Would-be renter fell hook, line and sinker for phishing scam
Ron Quan lost $4,860 (U.S.) to fraud after booking a vacation rental property at the HomeAway website last July. That’s about $6,000 in Canadian dollars.
His story shows how to protect yourself from criminals who hack into a homeowner’s emails — and why you should not just rely on the limited protection offered by this large online marketplace.
HomeAway, which was acquired by Expedia this month for $3.9 billion (U.S.), also operates VRBO.com and VacationRentals.com. Homeowners can add listings for free, but renters pay a service charge.
Unlike rival AirBnB, which forces deals to go through the site, HomeAway al- lows many transactions to occur off the site. It sees itself as an intermediary, a classified advertising service connecting homeowners to renters.
Quan was looking for a rental in Fort Lauderdale, Fla. He clicked on a link of a home he liked and received an email saying it was available.
To ensure the property lived up to its advertising, he asked his son — who lives in nearby Pompano Beach — to call the number listed, meet the property manager and inspect the property. Everything looked good, so Quan proceeded to make all the arrangements by email.
Once he signed a rental agreement, he agreed to transfer $4,680 to a bank account in Germany through his own bank in Toronto, avoiding a credit card because of fees charged by card issuers.
“Then, the communications stopped,” he told me. “My son spoke to the property manager, who had not received any of the money. We learned that a fraudster had hacked into the link where I had sent my initial request. I followed up with my bank, which wrote to the other bank. But the money was gone and the account closed.”
He confessed to having a false sense of security, since his son had called the manager and checked out the property. The listing had a real phone number, along with a fake link that diverted his emails to criminals.
This type of fraud, called phishing, is very common. For instance, people often receive what appears to be a legitimate email from a bank or government agency asking you to update your personal information by clicking a link.
People who rent out their homes can mistakenly provide their email passwords to scammers, allowing them to steal their identity and intercept email communications with travellers.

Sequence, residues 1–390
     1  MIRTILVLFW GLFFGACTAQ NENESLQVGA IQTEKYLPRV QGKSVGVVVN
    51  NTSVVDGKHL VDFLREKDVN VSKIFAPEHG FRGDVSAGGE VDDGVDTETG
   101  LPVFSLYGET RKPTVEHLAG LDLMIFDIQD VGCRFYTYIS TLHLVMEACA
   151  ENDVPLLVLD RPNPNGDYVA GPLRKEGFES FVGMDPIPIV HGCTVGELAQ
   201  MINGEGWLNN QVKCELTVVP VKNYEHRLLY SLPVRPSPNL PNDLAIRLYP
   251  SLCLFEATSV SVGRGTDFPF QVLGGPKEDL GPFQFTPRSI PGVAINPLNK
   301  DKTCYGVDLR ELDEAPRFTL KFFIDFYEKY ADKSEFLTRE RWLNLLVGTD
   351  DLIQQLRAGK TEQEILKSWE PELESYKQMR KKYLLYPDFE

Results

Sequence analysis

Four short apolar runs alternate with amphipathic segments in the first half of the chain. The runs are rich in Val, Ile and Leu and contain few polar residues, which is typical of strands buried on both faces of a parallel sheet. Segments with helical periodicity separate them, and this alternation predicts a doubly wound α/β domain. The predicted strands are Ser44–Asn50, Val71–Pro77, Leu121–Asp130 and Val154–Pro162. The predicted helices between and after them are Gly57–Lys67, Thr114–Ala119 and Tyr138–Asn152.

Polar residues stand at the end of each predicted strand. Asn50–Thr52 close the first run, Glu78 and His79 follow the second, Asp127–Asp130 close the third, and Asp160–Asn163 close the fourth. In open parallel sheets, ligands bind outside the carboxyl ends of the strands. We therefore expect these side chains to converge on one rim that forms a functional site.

“Phishing is the act of a scammer tricking an individual into revealing personal or confidential information,” said Jeff Mosler, the company’s chief service officer. “Since these incidents of phishing occur outside the HomeAway system, we strive to educate people both at our security center and via email communications that explain identity theft and provide tips for protection.”
Quan was a victim of secondary phishing, or email account takeover, the company said. No HomeAway systems were breached or compromised.
Moreover, he failed to take basic protective measures, such as calling the listed the phone number to confirm payment details before sending any funds.
He also failed to buy HomeAway’s rental guarantee, a type of insurance that protects reservations up to $10,000. It would have cost him $149, about 3 per cent of the money he lost to fraud.
“The fraudster provided coverage as part of the package, so it wasn’t necessary for me to buy the insurance offered by HomeAway,” Quan explained. “Of course, I did not know it was bogus.”
At the security centre, HomeAway tells renters that its rental guarantee can be purchased only at its website — and is never “free” or “included” in any rental agreement offered by owners.
Quan can still get back up to $1,000 — about 20 per cent of his loss — under HomeAway’s free basic guarantee against online fraud. He hopes to settle for more.
“What irks me, other than my mistakes, is that HomeAway is less than up front at its website,” he says. “Yes, there are some warnings, insurance and advice. But the company is well aware of this problem and is not specific enough about phishing and compromised links.” Ellen’s advice Online transactions can be compromised. Use your phone to confirm the seller’s identity. Use your credit card, which offers a guarantee against unauthorized purchases. And never send money to someone you don’t know based solely on email correspondence. Ellen Roseman writes about personal finance and consumer issues. You can reach her at firstname.lastname@example.org or ellenroseman.com